If you want to join in the dialogue about these changes, register for the 3iAfrica Summit in Accra, Ghana, in May. 


Before we hear from Kwame, let me share two quick updates. 


First, my AIR colleague Nick Cook is working on a whitepaper for regulators on how to navigate the journey to digital regulation, in terms of both technology and people and culture. For the regulators in the audience, watch for that coming out in the coming weeks.

Second, I want to add a word on the Singapore Fintech Festival. I serve on the board of Elevandi, a nonprofit organization that was founded several years ago by the Monetary Authority of Singapore. Elevandi now manages the SFF, and also the summer Point Zero Forum in Zurich, and also the newly-launching Japan Fintech Festival in Tokyo. The SFF is probably the world's largest financial conference, drawing 65,000 people in 2023. I’ve attended and spoken there almost since the beginning, and as I’ve watched the emergence of fintech conferences, it continues to strike me that this extraordinary meetup was founded, not by a conference company, but by a central bank. That means its DNA includes a sharp focus on the public policy questions raised by digital financial services. How do we use them to drive toward full financial inclusion? How do we assure that they are fair and safe for consumers? How do we prevent them from being abused through scams and money laundering? What’s the technological future of money, in terms of stablecoins, crypto, central bank digital currency, and AI? What’s the role of finance in addressing environmental sustainability? I encourage everyone to come to Singapore this fall and join in that global conversation.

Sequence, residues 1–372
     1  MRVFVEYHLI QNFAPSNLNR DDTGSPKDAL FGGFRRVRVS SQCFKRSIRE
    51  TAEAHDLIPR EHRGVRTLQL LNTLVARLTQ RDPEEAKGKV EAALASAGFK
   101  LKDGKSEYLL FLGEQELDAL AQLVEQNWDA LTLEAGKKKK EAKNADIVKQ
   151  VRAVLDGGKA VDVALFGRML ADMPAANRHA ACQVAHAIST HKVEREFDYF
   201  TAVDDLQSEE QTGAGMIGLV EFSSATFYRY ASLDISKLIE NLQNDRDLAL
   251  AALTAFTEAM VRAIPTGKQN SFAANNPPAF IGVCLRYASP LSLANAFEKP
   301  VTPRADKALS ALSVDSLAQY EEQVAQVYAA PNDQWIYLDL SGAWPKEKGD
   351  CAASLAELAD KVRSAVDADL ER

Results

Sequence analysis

More on Kwame Oppong

Kwame Oppong is the Head of Fintech and Innovation at Bank of Ghana. His background spans technology, digital financial services (DFS), public policy, and regulation. He has consulted globally for governments, public sector institutions, international development organizations and private corporations. Before joining the Bank, Kwame worked with CGAP (in the World Bank Group), Millicom, HP (now HP EB) and other organizations in the banking, housing finance and health insurance industries. He is a passionate advocate for financial inclusion, innovation, and the development of digital economies.

More for our Listeners

We have exciting episodes ahead, including one with Itai Damti and Alex Acree of Unit. We also have a great show with Simone di Castri and Matt Grasser from the Cambridge Centre for Alternative Finance SupTech Lab, as well as a show with Renaud Laplanche. And we’re planning to share something special on — what else? — generative AI.

In March, my colleague Nitya Malladi will be speaking at the Women in Leadership Forum in Hayward, California. On a similar note, I will be joining a panel at the OCC for Women’s History Month (OCC only). At the end of the month I am excited to participate in EmTech’s new webinar series focused on modernizing and digitizing central banking. More information to come on that soon.

In May my colleagues Shelley Anderson and Grace Mathebula will attend the 3i Africa Summit in Accra, Ghana.